Enjoining Good and Forbidding Evil

Islamic Education and Local Traditions in Afghanistan

  • Andreas Dürr (Autor/in)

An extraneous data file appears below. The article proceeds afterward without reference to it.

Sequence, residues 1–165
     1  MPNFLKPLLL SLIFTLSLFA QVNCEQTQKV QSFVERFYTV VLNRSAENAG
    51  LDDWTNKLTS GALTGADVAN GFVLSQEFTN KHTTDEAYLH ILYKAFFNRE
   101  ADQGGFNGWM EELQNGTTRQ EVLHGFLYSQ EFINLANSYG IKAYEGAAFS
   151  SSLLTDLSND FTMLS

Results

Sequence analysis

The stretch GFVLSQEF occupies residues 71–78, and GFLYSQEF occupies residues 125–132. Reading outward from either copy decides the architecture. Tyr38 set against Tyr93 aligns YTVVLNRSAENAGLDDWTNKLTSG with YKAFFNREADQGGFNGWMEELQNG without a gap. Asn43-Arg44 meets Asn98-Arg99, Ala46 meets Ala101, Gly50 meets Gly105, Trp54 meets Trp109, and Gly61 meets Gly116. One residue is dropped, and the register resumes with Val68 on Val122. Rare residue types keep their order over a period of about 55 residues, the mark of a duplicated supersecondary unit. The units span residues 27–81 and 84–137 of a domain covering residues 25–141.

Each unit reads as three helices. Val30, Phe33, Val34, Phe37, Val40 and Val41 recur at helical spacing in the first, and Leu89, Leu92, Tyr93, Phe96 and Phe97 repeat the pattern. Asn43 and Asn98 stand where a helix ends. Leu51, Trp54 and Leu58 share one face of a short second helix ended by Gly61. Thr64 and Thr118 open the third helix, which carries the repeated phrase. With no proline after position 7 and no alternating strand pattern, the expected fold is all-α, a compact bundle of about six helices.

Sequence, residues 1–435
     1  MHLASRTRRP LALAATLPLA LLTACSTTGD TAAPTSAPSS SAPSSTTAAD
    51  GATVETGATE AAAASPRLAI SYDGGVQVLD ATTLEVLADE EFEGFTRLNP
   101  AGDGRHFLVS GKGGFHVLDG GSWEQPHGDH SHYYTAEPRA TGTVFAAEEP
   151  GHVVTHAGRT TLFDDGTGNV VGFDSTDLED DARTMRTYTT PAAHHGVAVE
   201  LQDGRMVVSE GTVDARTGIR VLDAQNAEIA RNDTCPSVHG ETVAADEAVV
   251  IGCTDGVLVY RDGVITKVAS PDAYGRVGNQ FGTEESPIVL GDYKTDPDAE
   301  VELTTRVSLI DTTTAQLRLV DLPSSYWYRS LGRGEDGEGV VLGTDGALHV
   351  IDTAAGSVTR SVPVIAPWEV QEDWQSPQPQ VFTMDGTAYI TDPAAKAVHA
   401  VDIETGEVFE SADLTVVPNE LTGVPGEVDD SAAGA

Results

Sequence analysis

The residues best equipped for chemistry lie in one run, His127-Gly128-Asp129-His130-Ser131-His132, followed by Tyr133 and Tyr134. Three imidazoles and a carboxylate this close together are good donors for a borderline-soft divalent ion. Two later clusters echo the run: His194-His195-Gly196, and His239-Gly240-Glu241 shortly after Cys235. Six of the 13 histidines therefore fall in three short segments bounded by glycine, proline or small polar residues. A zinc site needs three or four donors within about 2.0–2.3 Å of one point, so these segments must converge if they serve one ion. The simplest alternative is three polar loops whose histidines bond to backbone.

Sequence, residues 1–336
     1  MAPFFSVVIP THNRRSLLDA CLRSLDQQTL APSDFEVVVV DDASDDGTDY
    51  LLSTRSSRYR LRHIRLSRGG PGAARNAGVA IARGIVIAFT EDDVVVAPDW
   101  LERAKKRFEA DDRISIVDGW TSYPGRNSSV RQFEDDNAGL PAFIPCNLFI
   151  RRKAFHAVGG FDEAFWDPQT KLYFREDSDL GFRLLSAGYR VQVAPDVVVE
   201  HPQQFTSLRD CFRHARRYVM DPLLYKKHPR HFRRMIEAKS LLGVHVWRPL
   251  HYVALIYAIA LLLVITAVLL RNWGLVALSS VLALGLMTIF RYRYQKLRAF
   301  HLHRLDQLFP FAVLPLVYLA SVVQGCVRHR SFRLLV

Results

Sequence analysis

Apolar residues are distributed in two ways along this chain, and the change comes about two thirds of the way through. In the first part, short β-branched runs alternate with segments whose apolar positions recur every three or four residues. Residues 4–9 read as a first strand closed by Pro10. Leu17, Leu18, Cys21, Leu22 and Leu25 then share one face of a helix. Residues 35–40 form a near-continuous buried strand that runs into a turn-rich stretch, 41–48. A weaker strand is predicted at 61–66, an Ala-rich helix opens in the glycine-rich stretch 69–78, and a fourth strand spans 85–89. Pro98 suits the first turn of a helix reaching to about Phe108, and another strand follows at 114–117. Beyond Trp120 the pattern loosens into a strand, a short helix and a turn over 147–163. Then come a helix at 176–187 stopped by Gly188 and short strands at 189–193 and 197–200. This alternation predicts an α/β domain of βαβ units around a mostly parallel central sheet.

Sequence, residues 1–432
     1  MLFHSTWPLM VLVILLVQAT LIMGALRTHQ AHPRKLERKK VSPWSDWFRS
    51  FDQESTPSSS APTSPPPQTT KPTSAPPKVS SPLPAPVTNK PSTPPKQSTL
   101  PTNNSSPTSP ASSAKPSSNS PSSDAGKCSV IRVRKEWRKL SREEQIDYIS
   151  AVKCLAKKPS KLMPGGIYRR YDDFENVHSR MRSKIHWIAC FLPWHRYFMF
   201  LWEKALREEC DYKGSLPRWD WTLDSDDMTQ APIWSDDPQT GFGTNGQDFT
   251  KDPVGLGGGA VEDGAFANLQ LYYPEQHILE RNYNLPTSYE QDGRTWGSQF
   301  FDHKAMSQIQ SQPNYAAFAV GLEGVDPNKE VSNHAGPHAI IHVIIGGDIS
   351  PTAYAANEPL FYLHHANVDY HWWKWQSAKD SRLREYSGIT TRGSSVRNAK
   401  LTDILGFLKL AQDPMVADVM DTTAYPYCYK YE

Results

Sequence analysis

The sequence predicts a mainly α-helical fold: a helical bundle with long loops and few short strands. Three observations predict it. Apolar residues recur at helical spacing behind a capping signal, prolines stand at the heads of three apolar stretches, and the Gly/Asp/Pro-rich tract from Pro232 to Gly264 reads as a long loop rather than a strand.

This paper explores the role of higher education in the ongoing value discourse about local traditions and interpretations of Islamic orthodoxy in Eastern Afghanistan. It focuses on the educational trajectories of Afghan students, graduates and teachers of Islamic academic subjects, which often start across the border in Pakistan. Biographical data suggest that students attain a more differentiated understanding of both their religion and of society on their way up from Islamic school (madrasa) to university. The combination of a traditional and modern education leads many of them to change their perspective on certain traditions, ones which in their eyes contradict Islamic principles - most of which are related specifically to the treatment of women. However, to translate these ideas into the local context of Eastern Afghanistan has proven difficult, since certain social values and hierarchies constrain their further spread. Nevertheless, the combination of religious and secular education provides students of Islamic subjects with both practical and intellectual resources that they can draw upon in discourses about local traditions. Beside the emerging trend in the region of linking traditional and modern education, the paper shows the significance that transnationalism and migration continue to have for the educational system of Afghanistan.